- Jun 19, 2014
- Reaction score
Does using naoh change the lather in any way? Or is it just to increase the body?
Wsp, can you be a bit more specific? Are you looking at branching out to shaving creams and wondering about a mix of KOH and NaOH?
If so, what is it about the mix that appeals?
Interesting. Have you made the same recipe shaving soap, one with mixed lye and the other pure KOH? Is it the recipe of the soap itself that is well liked, and a mere chance that both lyes are used?
I have made liquid soap with dual lyes up to the 60/40 mark. There is no appreciable thickening.
I used to use dual lyes because NaOH is LOTS cheaper than KOH, and I wanted to know if it changed anything. It only changes the cost, IMHO.
I haven't used both lyes in LS making, but I have used both in cream soap and shave soap. Other soapers who have tried NaOH in their liquid soap report roughly the same thing as Susie -- the thickening is underwhelming.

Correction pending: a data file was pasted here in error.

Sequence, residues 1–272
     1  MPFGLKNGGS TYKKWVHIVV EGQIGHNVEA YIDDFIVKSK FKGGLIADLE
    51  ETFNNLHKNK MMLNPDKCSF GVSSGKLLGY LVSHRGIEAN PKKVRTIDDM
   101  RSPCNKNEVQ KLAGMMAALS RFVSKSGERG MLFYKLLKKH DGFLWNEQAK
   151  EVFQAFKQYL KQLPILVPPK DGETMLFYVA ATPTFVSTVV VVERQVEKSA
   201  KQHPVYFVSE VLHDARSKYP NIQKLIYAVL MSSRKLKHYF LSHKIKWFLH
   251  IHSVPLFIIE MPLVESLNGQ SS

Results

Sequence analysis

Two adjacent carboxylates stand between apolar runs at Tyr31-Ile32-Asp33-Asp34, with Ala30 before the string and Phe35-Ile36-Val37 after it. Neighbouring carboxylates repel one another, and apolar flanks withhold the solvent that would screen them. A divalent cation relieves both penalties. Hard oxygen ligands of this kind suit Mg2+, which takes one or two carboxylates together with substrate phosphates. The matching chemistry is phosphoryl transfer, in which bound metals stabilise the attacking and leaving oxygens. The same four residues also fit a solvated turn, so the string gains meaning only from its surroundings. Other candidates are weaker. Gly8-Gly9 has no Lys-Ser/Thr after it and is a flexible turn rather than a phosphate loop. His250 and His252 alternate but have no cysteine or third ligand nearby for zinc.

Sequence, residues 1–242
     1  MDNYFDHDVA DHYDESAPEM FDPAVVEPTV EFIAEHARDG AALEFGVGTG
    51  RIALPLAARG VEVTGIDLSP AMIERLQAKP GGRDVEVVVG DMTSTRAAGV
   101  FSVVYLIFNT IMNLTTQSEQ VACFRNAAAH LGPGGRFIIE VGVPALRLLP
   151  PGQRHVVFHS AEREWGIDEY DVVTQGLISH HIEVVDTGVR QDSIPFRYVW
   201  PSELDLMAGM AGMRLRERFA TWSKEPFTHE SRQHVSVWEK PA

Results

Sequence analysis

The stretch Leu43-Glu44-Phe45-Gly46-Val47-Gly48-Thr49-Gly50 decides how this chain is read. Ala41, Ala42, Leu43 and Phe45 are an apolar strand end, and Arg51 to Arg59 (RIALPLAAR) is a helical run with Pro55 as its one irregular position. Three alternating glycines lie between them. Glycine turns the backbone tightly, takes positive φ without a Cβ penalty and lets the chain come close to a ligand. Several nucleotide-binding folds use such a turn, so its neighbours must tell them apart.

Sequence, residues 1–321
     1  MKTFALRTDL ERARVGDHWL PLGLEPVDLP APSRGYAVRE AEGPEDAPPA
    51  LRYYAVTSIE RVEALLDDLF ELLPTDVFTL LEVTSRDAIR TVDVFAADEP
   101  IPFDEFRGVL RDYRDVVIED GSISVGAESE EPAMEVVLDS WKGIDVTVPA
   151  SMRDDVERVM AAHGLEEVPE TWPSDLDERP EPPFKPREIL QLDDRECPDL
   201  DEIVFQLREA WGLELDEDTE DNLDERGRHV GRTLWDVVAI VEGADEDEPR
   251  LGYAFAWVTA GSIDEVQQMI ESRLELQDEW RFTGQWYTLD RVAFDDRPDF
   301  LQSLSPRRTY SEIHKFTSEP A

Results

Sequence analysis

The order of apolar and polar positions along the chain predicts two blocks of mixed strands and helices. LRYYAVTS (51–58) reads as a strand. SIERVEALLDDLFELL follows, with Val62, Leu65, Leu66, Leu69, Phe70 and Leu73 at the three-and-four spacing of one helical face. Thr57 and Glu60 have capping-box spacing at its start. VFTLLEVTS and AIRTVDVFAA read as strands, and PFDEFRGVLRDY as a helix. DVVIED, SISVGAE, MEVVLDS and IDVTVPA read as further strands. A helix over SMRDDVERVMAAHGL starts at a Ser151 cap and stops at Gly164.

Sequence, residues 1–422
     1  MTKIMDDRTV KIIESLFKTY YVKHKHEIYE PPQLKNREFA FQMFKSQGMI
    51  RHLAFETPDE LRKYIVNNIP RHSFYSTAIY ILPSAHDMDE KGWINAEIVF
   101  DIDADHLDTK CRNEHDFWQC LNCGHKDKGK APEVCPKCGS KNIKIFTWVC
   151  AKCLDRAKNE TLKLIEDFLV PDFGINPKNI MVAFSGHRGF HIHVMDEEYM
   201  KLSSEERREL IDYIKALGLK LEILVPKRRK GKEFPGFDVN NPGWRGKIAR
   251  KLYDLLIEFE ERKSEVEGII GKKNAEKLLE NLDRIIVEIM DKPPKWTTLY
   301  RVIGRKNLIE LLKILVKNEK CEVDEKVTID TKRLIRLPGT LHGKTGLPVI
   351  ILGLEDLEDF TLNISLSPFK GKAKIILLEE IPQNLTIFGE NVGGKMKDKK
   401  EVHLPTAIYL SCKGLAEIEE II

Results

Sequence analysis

I think there may be more benefit to adding a bit of KOH to a bar (NaOH) soap than vice versa. The KOH will increase the water solubility of a bar soap. If your soap is high in the low-solubility fatty acids such as stearic and palmitic -- for example a high lard, high butter, or high tallow soap -- then a small % of KOH can make this type of soap lather more easily. If I remember correctly, Sistrum, a former participant here on SMF, used about 20% KOH in her bar soap. She preferred high lard recipes, so that makes sense.
And that gets us back to why shave soap often has KOH in it. And gets me back to my perception that the various types of soaps -- bar, liquid, cream, etc. are all variations on a main theme. Each has its quirks, certainly, but they not totally separate types of soap.
I've got tons of KOH lying around, so I've been playing with liquid soap lately.